Table 6

The average number of iterations of each test image under different compression ratios

PSNR

Compression ratio

0.2

0.4

0.6

0.8

OMP

51

102

154

205

StOMP

9.9

9.7

9.8

10.1

SWOMP

3.6

6.7

9.6

10.0

SAMP

205.0

410.1

614.0

818.6

FSAMP

39.4

29.1

25.7

24.1

Basing on the PSNR results, reconstruction time, and number of iterations, we conclude that the FSAMP algorithm has the best reconstruction performance among the five reconstruction algorithms whether under Gaussian or Bernoulli random measurement matrices. Furthermore, given the sufficient randomness of the Gaussian random measurement matrix elements, the reconstruction performance of the five reconstruction algorithms under the Gaussian random measurement matrix are better than those under the Bernoulli random measurement matrix. The Gaussian random measurement matrix is more consistent with respect to the design requirement of the measurement matrix for CS.

5 Conclusions

Obtaining timely and accurate reconstruction results is the key focus of CS application for large-scale image transmission. MP algorithms exhibit optimal reconstruction performance with respect to reconstruction accuracy and reconstruction time. However, some MP algorithms require prior knowledge of the signal sparsity, and other MP algorithms that do not require this knowledge have unstable reconstruction accuracy or long reconstruction time.

In this regard, we focus on the reconstruction time of the SAMP algorithm, which does not need signal sparsity in advance and demonstrates high reconstruction accuracy. Therefore, we propose an FSAMP algorithm where the number of selected atoms is changed from the original linear growth model to a nonlinear one. The FSAMP algorithm starts at a large step-size and gradually shrinks in iterations until the number of selected atoms is precisely approximate to the signal sparsity. To prevent the excessive selection of atom, the FSAMP introduces the adaptive reselection strategy on the basis of varied residuals and delete mismatching atoms to increase its reconstruction accuracy. Overall, the FSAMP algorithm exhibits optimal reconstruction performance among the above five reconstruction algorithms whether under Gaussian or Bernoulli random measurement matrices.

Abbreviations

CoSaMP: 

Compressive sampling matching pursuit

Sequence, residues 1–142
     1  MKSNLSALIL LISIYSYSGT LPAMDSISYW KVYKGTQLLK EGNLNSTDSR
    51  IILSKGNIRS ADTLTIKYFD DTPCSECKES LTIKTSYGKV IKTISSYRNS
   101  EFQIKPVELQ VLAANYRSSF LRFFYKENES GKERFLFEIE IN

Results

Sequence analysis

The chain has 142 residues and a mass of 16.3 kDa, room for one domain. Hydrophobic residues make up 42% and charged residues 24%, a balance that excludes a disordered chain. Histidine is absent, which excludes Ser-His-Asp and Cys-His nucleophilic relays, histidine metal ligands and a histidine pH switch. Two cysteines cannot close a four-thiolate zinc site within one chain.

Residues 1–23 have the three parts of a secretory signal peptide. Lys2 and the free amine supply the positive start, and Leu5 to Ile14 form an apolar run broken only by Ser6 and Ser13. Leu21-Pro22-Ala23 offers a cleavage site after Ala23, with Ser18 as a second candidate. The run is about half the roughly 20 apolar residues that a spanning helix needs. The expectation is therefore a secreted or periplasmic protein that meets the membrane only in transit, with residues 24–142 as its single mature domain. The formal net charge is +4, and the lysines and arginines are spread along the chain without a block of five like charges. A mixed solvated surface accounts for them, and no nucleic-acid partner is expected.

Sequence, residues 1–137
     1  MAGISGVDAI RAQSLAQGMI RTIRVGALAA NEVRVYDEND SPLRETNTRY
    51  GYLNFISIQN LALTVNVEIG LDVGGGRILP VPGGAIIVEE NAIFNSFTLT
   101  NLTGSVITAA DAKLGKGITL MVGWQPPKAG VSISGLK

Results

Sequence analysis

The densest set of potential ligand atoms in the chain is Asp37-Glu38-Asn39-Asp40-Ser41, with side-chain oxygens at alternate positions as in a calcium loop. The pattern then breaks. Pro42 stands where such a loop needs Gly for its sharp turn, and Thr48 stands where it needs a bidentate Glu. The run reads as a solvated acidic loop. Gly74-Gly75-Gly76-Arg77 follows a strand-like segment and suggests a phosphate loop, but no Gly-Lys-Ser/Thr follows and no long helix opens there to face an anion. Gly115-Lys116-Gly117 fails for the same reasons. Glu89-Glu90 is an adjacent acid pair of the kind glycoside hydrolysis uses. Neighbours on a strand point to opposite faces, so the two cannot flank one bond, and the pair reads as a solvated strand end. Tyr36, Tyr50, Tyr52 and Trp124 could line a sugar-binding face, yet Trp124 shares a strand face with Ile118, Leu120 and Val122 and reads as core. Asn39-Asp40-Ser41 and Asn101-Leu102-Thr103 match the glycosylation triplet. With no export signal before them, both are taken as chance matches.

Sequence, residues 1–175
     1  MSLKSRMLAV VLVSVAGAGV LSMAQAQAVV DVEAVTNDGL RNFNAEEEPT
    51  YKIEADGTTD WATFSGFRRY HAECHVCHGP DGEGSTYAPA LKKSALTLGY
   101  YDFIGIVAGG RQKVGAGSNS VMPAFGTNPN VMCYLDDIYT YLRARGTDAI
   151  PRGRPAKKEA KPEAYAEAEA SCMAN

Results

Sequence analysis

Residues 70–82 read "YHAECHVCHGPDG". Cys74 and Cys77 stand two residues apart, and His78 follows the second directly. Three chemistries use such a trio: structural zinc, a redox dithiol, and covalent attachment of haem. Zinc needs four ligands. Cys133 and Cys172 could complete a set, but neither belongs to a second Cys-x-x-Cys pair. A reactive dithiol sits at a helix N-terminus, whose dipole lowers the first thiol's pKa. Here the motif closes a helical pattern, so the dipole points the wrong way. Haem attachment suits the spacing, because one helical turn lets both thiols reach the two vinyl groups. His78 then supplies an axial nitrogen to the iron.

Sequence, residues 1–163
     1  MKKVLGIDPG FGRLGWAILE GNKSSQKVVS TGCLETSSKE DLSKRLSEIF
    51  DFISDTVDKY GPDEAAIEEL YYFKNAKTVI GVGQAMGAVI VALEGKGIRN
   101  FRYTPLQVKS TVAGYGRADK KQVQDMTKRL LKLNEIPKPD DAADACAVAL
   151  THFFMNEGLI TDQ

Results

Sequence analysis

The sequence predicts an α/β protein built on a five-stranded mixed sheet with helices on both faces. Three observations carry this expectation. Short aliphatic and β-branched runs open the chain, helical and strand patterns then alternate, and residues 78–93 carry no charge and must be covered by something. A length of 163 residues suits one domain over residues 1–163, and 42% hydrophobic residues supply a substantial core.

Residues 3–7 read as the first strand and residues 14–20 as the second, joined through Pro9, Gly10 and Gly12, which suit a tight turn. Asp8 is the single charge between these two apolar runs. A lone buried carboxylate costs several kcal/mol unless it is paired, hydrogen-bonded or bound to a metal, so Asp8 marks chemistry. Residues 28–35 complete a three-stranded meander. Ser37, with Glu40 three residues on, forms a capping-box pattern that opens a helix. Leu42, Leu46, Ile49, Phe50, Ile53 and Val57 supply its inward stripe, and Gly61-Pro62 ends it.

CS: 

Compressed sensing

FSAMP: 

Fast sparsity adaptive matching pursuit

MP: 

Matching pursuit

OMP: 

Orthogonal matching pursuit

PSNR: 

Peak signal-to-noise ratio

ROMP: 

Regularized orthogonal matching pursuit

RT: 

Reconstruction time

SAMP: 

Sparsity adaptive matching pursuit

SP: 

Subspace pursuit

StOMP: 

Stagewise orthogonal matching pursuit

SWOMP: 

Stagewise weak orthogonal matching pursuit

Declarations

Acknowledgements

We would like to thank the anonymous reviewers for their insightful comments on the paper, as these comments led us to an improvement of the work.

Funding

This work was supported by the Fundamental Research Funds for the Central Universities (2042017kf0044), China Postdoctoral Science Foundation (Grant No. 2016M592409, No. 2017M612511), the National Natural Science Foundation of China (Nos. 61701453, 61572372, 41671408), and Hubei Provincial Natural Science Foundation of China (No. 2017CFA041).

Authors’ contributions

SHY and SW contributed to the main idea; SHY designed and implemented the algorithms and drafted manuscript; QFG contributed to the algorithm design, performance analysis, and simulations. XX helped revise the manuscript. All authors read and approved the final manuscript.

Authors’ information

SHY is a post doctor with the Faculty of Information Engineering, China University of Geosciences, Wuhan, China. Her research interests include image processing, machine vision, and wireless communication.

QFG is a professor at the Faculty of Information Engineering at China University of Geosciences. His research topics include geographic information systems (GIS) and science (GIScience), land-use and land-cover change, and human-environment relationships and interactions.

WS is a graduate student at the Faculty of Information Engineering at China University of Geosciences. His research interests include image processing and machine vision.

XX is serving as an assistant professor in Urban and Environmental Computation at the Research Center for Industrial Ecology & Sustainability, Institute of Applied Ecology, Chinese Academy of Sciences and the vice director in Key Laboratory for Environment Computation & Sustainability of Liaoning Province. Her research interests mainly focus on the virtual geographic environments (VGE) and dynamic and multi-dimensional GIS (DMGIS).

Competing interests

The authors declare that they have no competing interests.

Publisher’s Note

Springer Nature remains neutral with regard to jurisdictional claims in published maps and institutional affiliations.